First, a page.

Recovery is an essential component of any training program. Athletes of all levels need to make proper recovery part of their everyday lives to ensure they are getting the most out of their training and they are reaping the benefits of their hard work.
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Recovery can look different to everyone. For some, it is daily stretches and weekly yoga sessions, or fueling and refueling their bodies with essential nutrients. For others, it is getting eight hours of sleep each night. Great athletes incorporate recovery strategies into each and every day. This is what separates them from good athletes—prioritizing recovery.
Stretching helps alleviate muscle soreness, increase blood flow to muscles for repair, and increase range of motion and flexibility. Going to a daily yoga class may not be realistic and that's OK!
Here are five stretches any athlete can use to recover.
- Step forward with your right foot into a lunge position and drop your back knee down toward the ground.
- Ensure your hips are square in front of you and you are driving the weight through your front heel.
- Raise your opposite arm and reach up and back for a deeper stretch.
- Hold for 15 seconds, release, then try to sit a bit deeper for 15-20 seconds longer.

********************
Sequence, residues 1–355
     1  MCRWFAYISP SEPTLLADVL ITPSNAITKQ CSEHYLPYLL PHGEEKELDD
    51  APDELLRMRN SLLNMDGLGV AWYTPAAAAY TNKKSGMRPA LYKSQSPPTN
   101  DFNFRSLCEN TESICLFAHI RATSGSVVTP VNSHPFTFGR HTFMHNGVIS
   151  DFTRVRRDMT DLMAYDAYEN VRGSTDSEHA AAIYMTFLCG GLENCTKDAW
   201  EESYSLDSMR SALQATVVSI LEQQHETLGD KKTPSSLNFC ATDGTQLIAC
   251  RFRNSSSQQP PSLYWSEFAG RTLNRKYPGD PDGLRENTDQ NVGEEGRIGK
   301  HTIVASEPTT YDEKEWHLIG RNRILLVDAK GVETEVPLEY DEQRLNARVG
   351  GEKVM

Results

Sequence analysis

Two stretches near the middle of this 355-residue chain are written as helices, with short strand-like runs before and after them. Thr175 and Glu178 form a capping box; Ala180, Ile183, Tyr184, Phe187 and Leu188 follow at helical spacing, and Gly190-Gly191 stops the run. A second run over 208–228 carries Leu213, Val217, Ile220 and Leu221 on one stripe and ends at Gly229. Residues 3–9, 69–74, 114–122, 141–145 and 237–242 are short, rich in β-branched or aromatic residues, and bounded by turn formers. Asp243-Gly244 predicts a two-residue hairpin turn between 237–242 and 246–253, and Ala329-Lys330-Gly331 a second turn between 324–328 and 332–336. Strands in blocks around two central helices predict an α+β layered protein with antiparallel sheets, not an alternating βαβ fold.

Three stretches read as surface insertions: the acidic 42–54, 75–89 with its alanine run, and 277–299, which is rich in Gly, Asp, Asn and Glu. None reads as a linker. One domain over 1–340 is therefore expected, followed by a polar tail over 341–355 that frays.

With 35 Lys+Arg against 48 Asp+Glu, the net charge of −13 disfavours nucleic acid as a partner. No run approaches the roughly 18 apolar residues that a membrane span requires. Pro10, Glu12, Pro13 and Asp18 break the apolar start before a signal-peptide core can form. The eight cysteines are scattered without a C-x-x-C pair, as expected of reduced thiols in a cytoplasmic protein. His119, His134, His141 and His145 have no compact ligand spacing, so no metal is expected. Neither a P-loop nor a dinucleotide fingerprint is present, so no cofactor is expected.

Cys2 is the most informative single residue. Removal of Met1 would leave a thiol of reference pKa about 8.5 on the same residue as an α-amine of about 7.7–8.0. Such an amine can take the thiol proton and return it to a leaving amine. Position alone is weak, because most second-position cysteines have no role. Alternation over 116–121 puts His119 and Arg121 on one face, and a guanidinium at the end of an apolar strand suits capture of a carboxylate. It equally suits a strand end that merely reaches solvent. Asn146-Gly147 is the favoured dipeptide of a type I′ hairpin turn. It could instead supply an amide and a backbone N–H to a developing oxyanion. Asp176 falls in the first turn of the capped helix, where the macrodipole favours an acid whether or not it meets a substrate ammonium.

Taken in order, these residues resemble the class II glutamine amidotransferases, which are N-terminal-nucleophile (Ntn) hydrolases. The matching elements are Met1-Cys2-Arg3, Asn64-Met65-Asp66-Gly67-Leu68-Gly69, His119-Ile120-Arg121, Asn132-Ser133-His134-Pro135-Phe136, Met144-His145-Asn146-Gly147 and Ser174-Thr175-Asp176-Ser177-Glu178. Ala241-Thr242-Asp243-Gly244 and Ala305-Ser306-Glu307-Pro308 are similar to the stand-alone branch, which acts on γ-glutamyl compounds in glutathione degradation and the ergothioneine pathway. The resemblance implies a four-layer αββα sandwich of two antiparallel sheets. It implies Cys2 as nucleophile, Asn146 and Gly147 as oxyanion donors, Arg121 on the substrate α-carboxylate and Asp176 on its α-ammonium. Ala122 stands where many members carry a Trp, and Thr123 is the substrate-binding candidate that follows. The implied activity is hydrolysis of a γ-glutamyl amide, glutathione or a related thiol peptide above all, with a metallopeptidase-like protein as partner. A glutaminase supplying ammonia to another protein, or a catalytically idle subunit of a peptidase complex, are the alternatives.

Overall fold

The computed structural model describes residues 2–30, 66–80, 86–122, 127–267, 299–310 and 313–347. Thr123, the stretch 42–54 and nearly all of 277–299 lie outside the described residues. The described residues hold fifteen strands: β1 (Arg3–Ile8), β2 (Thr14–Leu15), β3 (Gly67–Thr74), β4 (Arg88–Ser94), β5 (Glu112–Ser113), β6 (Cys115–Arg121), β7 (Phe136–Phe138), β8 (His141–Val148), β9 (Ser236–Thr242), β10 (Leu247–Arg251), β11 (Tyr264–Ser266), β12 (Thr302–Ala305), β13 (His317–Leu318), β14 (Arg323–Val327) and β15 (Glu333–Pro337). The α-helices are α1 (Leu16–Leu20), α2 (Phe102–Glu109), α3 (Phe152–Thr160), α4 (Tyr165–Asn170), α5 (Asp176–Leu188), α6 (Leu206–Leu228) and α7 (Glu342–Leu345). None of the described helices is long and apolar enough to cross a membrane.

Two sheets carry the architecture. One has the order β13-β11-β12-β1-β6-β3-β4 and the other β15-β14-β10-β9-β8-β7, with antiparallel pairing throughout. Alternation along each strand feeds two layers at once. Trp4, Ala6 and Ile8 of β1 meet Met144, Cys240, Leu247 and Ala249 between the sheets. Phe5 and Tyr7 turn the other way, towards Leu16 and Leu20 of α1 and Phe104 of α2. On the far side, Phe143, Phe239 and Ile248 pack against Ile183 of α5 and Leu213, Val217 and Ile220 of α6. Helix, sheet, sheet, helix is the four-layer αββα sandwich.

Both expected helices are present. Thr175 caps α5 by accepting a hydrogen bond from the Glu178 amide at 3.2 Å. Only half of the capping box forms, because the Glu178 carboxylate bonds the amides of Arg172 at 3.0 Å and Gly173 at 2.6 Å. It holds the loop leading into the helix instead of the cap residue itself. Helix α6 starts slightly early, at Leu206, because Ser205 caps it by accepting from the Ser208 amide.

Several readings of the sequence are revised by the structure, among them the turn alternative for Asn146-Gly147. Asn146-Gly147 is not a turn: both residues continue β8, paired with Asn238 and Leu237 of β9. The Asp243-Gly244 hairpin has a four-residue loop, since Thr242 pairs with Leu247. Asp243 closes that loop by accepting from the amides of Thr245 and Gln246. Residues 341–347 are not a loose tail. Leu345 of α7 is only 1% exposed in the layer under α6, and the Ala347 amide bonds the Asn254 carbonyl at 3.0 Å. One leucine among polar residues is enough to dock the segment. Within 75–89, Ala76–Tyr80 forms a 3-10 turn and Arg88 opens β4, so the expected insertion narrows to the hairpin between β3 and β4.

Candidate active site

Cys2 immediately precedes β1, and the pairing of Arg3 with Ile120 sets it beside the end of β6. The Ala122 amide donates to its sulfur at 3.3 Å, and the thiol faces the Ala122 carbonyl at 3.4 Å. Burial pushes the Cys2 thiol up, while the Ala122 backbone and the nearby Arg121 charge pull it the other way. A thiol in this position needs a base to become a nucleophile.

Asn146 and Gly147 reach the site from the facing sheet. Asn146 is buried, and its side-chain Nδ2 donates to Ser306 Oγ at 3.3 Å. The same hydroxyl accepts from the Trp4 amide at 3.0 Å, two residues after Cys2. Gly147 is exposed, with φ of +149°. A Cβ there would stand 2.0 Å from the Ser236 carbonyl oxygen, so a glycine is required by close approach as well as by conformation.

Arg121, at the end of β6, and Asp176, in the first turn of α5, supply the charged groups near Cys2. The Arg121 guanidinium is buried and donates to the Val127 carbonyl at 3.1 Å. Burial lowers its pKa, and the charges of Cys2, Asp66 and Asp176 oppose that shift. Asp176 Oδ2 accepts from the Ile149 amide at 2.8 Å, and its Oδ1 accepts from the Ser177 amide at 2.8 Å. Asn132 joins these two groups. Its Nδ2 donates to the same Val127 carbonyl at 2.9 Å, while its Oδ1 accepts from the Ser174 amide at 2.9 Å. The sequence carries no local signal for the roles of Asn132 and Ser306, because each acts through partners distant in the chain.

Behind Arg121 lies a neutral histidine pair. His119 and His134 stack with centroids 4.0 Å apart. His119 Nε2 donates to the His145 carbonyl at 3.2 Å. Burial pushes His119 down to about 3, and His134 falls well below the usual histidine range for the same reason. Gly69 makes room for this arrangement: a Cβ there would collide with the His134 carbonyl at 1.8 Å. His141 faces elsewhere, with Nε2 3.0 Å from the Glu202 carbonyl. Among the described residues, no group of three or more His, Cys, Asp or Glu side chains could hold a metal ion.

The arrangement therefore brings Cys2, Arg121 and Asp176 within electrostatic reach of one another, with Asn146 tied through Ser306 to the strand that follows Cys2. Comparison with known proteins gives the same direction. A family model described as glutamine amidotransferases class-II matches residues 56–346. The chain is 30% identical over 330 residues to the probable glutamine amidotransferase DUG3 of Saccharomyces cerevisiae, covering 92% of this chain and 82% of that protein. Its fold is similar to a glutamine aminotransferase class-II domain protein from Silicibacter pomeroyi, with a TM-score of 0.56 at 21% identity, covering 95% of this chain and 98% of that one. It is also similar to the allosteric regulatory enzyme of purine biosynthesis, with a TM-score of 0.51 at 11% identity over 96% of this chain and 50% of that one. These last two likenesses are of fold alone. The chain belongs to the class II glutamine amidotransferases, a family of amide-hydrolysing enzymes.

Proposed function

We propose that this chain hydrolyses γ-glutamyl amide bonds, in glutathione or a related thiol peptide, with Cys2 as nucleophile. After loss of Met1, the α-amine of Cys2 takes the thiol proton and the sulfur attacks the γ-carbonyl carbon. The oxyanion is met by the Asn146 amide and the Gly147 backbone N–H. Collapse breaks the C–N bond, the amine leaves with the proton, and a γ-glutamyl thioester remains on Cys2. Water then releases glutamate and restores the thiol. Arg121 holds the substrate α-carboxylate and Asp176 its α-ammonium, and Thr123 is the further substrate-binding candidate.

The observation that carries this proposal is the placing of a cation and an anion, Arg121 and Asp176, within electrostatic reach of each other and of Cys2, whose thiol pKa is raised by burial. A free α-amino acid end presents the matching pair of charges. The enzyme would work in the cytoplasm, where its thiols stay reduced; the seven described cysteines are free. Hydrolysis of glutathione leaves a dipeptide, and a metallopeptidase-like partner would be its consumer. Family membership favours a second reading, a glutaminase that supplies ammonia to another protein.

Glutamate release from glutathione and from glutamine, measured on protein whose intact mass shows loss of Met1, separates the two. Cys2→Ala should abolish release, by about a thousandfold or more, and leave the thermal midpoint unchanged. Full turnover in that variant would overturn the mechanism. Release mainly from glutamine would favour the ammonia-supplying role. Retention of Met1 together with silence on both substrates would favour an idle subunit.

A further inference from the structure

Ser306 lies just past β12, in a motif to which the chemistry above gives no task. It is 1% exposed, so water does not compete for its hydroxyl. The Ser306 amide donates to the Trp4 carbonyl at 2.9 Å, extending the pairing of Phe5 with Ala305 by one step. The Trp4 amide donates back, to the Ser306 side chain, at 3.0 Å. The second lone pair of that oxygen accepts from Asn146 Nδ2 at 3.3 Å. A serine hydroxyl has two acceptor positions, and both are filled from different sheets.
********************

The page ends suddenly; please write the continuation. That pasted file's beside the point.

- Repeat on opposite side.
- Extended stretch: Move the front foot out to the side slightly and drop the knee out, coming to the outside edge of your front foot.
- Work your hands or forearms down to the ground and hold for 15-20 seconds.
- Set up in a high plank position and raise your hips up toward the ceiling (Downward Dog).
- Extend your right leg up and swipe through so it lays perpendicular to the opposite leg underneath your core region.
- Try to relax your upper body by extending your arms out in front of you or resting your forehead on your forearms.
- Hold for 30-60 seconds. Repeat on opposite side.
- From a kneeling position, sit tall with your hips forward.
- Extend your right leg out to the side and place the sole of your foot on the ground.
- Bring your hands down to the floor in front of you and slowly sit your hips back on your opposite heel while extending your arms in front.
- Press gently back, keeping the sole of your foot on the ground.
- Hold for 15 seconds, release then sit deeper for 15-20 seconds longer.
- Repeat on opposite side.
- From a kneeling position, spread your knees wide and point your feet out.
- Slowly bring yourself down to the floor, either forearms down or arms all the way extended.
- Breathe deeply through this position and keep your knees spread wide.
- Hold for 60 seconds.
Child's Pose to Cobra
- Start in a position similar to the Frog stretch but keep your feet directly underneath you (and not outward).
- Extend your arms forward as you press your hips back, then slowly shift the weight forward into your palms.
- Pressing your palms and hips through the ground, bring your chest up tall and roll your shoulders back.
- Breathe through this sequence, pausing for one breath at each position.
- Repeat five times.
One of the most important cues to keep in mind while performing these stretches is to breathe—long deep inhales followed by long deep exhales. Instead of counting the seconds, count your breaths, aiming for 5 to 10 deep breaths in each position.
These stretches can be done on any recovery day and/or at the end of a training session. Not only will they help promote recovery, they will also help bring your body back to a resting state after an intense workout.